Edit2: Ok, on the topic of henke's question... The System Shock 3 trailer genuinely got me down. They don't have a real budget and the contrast to Prey really makes it noticeable. And I think it might make a difference not only with the look of the game, but with the systems and gameplay. Also the botched Ultima release doesn't give me much confidence. The trailer didn't really play up any of the RPG or sim aspects of it either. So I don't know what to expect of it. Like a lot of us here probably I recognize System Shock 2 as part of the holy trinity of golden era gaming, so of course I want to root for it. I just don't know what to make of it yet.

    Bloodlines 2's trailer also didn't play up any of the RPG or sim aspects, but it looked fantastic. And I'm less worried just because of what kind of game the original Bloodlines was. It was an RPG to its core, so I can't imagine them not having those kinds of systems and even bothering keeping the name (like I could for System Shock 3). So I'm optimistic for this one.

    Cyberpunk 2077 has given off all the right signals of a deep world and storytelling ... but almost too right, if you know what I mean. It's barreling down a hype train, so I don't know what to predict with it. I think it may be like Witcher 3, which was good, but not my favorite fantasy RPG by a ways.

    Outer Worlds looked paper thin from its trailer, for a supposedly open world game.

    I haven't looked into the others enough to have an opinion.
    Last edited by demagogue; 24th Mar 2019 at 00:56.

  18. #68
    Member
    Registered: Mar 2001
    Location: Melbourne, Australia
    One of the true tests of a immersive sim game, is in how well it holds up on a second play where you already know whats what, and Prey holds up for me.

  19. #69
    PC Gamering Smartey Man
    I <3 consoles and gamepads

    Registered: Aug 2007
    Location: New Zealand
    Quote Originally Posted by henke View Post
    YES! THIS is what I wanted! Hurt me, ZylonBane! HURT ME!

    (I didn't look terribly closely at that one so maybe I'm way off)
    Were you trying to paraphase Grey Fox from MGS1 just now?

  20. #70
    Member
    Registered: May 2004
    Quote Originally Posted by demagogue View Post
    Edit2: Ok, on the topic of henke's question... The System Shock 3 trailer genuinely got me down. They don't have a real budget and the contrast to Prey really makes it noticeable. And I think it might make a difference not only with the look of the game, but with the systems and gameplay.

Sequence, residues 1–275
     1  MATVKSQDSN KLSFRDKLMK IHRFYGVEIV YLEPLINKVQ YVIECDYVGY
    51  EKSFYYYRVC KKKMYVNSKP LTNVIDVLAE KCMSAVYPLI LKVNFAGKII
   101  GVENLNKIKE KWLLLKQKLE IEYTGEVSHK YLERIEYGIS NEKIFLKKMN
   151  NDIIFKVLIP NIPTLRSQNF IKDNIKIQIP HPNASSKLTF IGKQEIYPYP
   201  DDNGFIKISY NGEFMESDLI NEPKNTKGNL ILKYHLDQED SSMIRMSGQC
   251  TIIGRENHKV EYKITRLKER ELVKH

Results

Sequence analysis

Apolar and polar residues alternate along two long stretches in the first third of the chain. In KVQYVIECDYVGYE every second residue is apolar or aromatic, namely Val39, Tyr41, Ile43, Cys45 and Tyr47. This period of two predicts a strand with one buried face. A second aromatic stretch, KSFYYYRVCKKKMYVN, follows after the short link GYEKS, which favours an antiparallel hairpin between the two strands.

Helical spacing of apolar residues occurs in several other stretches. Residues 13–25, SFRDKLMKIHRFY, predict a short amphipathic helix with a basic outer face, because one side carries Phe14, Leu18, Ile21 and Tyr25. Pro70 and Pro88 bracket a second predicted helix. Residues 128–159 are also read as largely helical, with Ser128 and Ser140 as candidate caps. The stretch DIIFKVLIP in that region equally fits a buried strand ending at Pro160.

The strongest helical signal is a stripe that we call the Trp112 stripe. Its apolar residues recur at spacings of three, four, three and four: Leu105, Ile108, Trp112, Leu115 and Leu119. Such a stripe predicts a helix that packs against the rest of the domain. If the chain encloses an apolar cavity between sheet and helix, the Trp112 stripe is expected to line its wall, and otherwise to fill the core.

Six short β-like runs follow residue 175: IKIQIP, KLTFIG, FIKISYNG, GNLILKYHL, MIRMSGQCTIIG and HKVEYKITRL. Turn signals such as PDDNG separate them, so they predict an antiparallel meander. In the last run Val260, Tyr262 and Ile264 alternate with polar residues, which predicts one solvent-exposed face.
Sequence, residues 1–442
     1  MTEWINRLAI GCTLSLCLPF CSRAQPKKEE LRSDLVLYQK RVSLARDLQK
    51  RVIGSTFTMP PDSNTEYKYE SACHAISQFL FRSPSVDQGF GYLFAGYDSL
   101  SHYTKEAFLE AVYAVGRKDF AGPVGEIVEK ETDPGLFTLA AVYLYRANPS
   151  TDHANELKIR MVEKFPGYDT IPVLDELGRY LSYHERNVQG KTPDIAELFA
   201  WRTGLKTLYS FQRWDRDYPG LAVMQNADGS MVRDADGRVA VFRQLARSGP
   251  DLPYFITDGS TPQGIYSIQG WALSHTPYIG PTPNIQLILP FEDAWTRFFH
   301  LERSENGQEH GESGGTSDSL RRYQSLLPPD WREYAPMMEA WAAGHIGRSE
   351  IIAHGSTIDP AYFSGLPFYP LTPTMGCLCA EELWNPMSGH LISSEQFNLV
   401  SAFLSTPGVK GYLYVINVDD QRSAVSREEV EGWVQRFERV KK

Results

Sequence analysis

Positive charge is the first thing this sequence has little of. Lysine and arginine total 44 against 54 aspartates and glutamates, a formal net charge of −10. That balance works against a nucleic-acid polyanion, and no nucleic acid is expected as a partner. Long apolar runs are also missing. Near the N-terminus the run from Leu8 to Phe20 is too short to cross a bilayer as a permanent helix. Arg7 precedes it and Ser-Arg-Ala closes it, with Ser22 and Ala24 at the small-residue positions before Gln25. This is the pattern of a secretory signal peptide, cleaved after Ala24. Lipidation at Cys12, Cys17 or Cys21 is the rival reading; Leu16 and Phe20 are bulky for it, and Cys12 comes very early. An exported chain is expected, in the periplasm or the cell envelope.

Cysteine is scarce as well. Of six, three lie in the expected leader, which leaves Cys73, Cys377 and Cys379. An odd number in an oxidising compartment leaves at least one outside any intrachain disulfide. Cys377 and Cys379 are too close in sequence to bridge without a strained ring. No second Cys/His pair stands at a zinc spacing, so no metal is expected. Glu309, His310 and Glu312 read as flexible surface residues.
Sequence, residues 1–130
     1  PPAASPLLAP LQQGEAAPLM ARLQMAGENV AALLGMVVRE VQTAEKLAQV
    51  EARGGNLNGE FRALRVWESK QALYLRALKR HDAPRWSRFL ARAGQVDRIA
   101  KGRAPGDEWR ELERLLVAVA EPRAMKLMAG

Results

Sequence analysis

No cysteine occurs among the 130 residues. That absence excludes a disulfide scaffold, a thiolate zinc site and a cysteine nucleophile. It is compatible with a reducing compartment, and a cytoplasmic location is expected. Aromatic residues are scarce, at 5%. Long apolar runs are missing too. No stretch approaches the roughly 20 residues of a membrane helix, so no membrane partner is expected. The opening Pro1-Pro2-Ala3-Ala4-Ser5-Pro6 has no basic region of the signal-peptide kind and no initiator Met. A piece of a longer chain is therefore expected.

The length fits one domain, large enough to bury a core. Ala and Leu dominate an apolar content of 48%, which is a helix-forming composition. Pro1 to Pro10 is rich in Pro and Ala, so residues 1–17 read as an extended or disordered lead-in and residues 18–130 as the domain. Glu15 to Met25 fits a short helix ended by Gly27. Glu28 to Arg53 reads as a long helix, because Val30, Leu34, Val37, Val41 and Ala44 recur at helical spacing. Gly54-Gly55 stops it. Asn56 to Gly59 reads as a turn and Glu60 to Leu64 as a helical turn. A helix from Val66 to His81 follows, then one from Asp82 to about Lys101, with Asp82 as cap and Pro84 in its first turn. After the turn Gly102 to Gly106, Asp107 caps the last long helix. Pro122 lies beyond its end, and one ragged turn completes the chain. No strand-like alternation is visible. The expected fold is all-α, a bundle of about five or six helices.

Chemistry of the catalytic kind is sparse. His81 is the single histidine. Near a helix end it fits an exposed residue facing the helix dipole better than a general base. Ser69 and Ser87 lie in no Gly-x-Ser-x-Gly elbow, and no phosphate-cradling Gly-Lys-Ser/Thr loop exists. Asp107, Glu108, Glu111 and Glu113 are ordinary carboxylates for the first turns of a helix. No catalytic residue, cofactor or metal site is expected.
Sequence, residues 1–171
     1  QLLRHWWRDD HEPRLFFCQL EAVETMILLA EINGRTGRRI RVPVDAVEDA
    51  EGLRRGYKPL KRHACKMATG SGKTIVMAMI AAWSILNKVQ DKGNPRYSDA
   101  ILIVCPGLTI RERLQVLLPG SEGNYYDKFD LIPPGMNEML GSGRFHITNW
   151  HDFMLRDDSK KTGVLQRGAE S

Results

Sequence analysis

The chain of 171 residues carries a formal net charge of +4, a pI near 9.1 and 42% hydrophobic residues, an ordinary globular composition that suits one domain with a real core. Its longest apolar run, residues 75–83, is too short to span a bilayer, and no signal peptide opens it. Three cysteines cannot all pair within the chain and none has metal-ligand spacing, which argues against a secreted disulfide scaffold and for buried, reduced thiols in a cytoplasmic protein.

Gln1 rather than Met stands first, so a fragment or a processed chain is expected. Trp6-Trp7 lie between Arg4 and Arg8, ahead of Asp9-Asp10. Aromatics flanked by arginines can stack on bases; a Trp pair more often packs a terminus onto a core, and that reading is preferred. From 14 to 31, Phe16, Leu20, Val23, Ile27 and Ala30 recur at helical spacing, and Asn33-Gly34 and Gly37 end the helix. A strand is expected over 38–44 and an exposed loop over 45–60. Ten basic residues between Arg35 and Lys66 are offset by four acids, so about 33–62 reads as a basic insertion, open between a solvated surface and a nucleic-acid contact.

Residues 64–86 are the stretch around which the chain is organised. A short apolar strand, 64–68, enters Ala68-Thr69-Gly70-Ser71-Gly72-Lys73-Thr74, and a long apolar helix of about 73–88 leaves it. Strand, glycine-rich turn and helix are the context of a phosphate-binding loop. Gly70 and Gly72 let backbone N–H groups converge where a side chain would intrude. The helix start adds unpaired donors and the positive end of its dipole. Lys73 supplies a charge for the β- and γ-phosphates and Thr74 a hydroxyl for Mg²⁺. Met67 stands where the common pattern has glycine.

Thief and SS2 didn't look all that hot either, though.

  21. #71
    Member
    Registered: Mar 2001
    Location: Melbourne, Australia
    I recall the early reviews of SS2 being pretty good. First I heard of it was from ign, not being long before the demo came out. That inspired me to go download the demo soon after, and from there my love of SS2 began.

  22. #72
    Member
    Registered: Sep 2001
    Location: Qantas
    I recall that when SS2 was released, some couldn't get past the low-poly models and level geometry. Others loved the game despite them.

    The SS3 teaser didn't impress me. I don't expect a small development team to blow me away with amazing graphics and a super-detailed world. I really don't need that to enjoy a game. I just don't like the look they're going for. But if there is good immsim-ish RPG gameplay I won't care too much.

    Anyway, gamers have been spoiled by jaw dropping graphical realism and big open worlds that take huge teams years to create. What Otherside is testing is whether there is a viable market for imm sims without AAA detail. Ascendant wasn't a proper test because it was unfinished and broken at release. So let's see what happens with SS3. If it turns out that the market doesn't want an imm sim without AAA detail, then I think we're screwed, because very few games in this genre can sell multiple million of units at release.

  23. #73
    Level 10,000 achieved
    Registered: Mar 2001
    Location: Finland
    Quote Originally Posted by Starker View Post
    Thief and SS2 didn't look all that hot either, though.
    Nor did Deus Ex, VtMB or Stalker. Prey is a real outlier in how polished and jank-free it was on release, while still being really complex. I'm not expecting System Shock 3 or any other immsim on an indie-budget to live up to it.

    Quote Originally Posted by EvaUnit02 View Post
    Were you trying to paraphase Grey Fox from MGS1 just now?
    No, I thought I was being original. Didn't realize I was ripping off the comedy stylings of Grey Fox.

  24. #74
    PC Gamering Smartey Man
    I <3 consoles and gamepads

    Registered: Aug 2007
    Location: New Zealand
    Quote Originally Posted by henke View Post
    Nor did Deus Ex, VtMB or Stalker. Prey is a real outlier in how polished and jank-free it was on release, while still being really complex. I'm not expecting System Shock 3 or any other immsim on an indie-budget to live up to it.
    Deus Ex? Yes. Stalker and VtMB1 used graphically cutting edge engines for their time. Bloodlines 1 had better facial animations than a lot of games, even those from the 8th console gen.
    Quote Originally Posted by henke View Post
    No, I thought I was being original. Didn't realize I was ripping off the comedy stylings of Grey Fox.
    https://youtu.be/yIW_HG9bzn0?t=446

  25. #75
    Member
    Registered: May 2004
    Bloodlines came out on the same day as Half-Life 2 on the same engine and didn't look anywhere near as good...